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California Employers' Actions that Could Result in Wrongful Termination

By Edited May 2, 2016 0 0

Wrongful termination is among the most critical and common problems that Los Angeles employees may face. Although there are laws that prohibit employers from unlawfully terminating an employee, wrongful dismissal remain an issue in the Los Angeles labor sector.

Los Angeles employers must remember that even if their employees are on “at-will” agreement, they cannot terminate them just because they want to. Under employment laws, there are certain factors that should not result in the termination of an employee. These factors include:

Employment discrimination – An employee cannot be terminated as a form of discrimination. Employers are prohibited from dismissing an employee only because of his or her age (for employee aged 40 and above), disability, sex, color, race, national origin, ancestry, religious practice, and gender.

Sexual harassment – Employers are not allowed to terminate an employee if he or she refuses to give a sexual favor. Termination as a form of sexual harassment is against the law.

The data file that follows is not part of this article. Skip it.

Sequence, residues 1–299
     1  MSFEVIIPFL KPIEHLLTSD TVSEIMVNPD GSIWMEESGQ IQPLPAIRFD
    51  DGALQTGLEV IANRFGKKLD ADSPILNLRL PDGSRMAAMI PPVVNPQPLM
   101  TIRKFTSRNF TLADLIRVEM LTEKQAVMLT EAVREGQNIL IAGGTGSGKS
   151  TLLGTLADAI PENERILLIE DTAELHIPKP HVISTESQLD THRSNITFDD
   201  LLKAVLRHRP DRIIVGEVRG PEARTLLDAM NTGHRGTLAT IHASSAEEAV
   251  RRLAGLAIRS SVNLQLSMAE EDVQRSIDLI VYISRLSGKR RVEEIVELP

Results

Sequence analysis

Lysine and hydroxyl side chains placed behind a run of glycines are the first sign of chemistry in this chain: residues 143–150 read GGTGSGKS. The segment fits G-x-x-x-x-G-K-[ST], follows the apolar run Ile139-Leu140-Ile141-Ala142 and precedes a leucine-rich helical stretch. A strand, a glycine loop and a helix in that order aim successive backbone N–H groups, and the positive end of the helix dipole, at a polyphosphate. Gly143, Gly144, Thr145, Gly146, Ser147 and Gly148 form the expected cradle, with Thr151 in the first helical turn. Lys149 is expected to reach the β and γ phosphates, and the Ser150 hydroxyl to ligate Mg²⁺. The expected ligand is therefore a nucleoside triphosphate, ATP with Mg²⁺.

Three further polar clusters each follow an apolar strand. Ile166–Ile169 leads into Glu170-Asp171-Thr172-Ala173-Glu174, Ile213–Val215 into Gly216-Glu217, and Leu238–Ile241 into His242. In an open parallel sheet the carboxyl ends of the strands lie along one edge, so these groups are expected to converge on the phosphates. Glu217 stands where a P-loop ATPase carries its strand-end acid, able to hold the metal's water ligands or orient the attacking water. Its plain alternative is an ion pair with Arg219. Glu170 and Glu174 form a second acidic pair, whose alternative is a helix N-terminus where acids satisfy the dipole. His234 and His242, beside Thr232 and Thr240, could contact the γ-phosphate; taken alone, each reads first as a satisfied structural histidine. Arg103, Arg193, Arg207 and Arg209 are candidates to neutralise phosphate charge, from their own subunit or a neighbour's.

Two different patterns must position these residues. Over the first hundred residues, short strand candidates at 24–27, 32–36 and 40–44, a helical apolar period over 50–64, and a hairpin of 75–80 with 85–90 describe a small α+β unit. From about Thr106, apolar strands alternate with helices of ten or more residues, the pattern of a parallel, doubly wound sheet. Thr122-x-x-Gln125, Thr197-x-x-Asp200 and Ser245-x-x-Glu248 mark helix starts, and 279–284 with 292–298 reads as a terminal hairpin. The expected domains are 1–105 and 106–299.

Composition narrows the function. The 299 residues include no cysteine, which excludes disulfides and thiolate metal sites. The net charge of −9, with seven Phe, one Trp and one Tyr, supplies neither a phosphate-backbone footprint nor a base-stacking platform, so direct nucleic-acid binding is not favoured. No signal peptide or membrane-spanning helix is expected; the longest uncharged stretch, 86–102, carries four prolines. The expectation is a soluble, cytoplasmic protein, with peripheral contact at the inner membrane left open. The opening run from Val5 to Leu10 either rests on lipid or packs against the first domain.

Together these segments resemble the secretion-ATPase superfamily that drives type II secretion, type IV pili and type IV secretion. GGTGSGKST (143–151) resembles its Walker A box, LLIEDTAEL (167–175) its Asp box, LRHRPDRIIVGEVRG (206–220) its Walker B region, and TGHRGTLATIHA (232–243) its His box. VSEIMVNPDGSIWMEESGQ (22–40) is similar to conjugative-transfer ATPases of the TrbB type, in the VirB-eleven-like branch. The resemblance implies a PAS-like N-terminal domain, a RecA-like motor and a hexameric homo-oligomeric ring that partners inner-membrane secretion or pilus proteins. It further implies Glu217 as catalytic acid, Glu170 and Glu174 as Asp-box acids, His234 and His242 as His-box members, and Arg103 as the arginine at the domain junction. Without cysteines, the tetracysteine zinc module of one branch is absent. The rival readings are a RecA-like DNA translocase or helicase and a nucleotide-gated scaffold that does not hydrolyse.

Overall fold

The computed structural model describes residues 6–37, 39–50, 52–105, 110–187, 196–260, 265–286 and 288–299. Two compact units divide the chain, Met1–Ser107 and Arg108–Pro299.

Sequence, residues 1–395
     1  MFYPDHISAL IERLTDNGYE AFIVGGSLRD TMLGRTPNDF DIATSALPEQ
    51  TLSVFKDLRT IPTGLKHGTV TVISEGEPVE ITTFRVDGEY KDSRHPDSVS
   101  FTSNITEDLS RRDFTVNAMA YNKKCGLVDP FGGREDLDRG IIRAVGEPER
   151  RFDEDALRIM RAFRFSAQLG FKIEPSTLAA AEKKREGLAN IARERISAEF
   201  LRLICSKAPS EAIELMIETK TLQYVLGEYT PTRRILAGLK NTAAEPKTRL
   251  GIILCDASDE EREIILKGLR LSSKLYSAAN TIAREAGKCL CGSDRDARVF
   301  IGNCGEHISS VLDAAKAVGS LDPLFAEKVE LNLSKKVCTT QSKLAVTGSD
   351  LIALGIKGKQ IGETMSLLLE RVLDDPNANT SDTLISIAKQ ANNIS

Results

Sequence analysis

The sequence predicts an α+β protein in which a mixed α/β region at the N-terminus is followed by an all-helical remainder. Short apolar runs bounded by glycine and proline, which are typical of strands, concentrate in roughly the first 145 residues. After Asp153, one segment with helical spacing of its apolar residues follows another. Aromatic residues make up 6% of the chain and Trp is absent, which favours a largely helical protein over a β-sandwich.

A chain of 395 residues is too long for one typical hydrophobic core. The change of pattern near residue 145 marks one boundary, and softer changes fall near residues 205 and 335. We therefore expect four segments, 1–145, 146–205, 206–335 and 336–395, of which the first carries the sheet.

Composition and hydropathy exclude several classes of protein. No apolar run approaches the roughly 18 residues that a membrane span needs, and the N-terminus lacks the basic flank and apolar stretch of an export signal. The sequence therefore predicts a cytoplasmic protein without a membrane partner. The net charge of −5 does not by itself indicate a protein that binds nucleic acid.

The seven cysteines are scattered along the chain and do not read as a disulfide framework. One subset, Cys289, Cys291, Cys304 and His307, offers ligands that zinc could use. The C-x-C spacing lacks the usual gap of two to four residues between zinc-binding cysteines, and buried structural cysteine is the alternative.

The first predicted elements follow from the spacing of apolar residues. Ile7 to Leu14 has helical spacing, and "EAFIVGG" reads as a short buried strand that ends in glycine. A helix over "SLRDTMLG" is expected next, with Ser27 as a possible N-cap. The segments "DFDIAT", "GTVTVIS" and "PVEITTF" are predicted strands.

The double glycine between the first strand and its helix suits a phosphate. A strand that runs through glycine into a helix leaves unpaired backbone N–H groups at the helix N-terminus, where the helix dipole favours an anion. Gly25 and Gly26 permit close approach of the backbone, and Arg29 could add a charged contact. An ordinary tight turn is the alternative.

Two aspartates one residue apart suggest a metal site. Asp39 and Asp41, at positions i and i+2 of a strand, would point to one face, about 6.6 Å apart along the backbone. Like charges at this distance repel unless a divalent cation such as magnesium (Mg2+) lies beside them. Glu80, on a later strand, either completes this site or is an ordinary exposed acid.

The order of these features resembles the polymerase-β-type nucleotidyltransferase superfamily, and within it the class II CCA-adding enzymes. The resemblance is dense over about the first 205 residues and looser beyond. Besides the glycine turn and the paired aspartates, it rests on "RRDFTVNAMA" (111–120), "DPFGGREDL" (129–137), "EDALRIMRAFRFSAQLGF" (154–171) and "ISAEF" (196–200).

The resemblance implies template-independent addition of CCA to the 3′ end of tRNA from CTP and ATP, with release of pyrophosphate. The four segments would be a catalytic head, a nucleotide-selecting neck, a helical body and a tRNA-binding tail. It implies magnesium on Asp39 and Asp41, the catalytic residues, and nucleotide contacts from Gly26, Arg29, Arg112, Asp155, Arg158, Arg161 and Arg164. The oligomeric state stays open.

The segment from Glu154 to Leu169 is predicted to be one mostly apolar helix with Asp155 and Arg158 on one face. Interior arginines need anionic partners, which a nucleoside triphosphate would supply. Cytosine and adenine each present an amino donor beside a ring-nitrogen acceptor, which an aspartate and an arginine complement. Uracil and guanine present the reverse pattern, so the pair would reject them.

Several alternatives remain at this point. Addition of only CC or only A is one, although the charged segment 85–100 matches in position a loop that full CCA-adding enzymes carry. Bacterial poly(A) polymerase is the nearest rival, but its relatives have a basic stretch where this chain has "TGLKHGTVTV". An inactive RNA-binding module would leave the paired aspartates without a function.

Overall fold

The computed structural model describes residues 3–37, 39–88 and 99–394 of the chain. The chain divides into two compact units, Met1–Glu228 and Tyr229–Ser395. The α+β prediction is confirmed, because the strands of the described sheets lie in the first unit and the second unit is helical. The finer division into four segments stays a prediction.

Retaliation – Employees who file a complaint about their employers who violate certain laws with particular government agencies are protected by whistle-blowing laws. Hence, employers cannot terminate them based on their filing of a complaint.

Family Medical Leave Act (FMLA) – Under FMLA, certain employees are entitled to 12 weeks of unpaid leaves for medical or family reasons. Employees entitled to FMLA should not be terminated based on their proper usage of their leave benefits.

Additionally, Los Angeles employees who were terminated wrongfully should remember certain points to effectively file a lawsuit against their employer. The following are some of the reminders that would-be wrongful termination claimants must consider:

Time limit in filing charges with the Equal Employment Opportunity Commission (EEOC) – Los Angeles workers who were terminated due to employment discrimination can file a charge with the EEOC. However, would-be claimants must remember that the complaint must be filed within 180 days after the alleged wrongful dismissal.

Wage and Hour Division – Wrongfully-terminated employees may file a formal complaint with the Wage and Hour Division of the US Department of Labor (DOL). Claimants must file their charge no later than two years from the alleged wrongful termination incident.

Private lawsuit – Employees who believe that they were wronged in their termination may file a lawsuit against their employer even without the aid of a government agency. Workers planning to file a private lawsuit should be represented by an expert Los Angeles wrongful termination attorney to improve their chances of winning their case.



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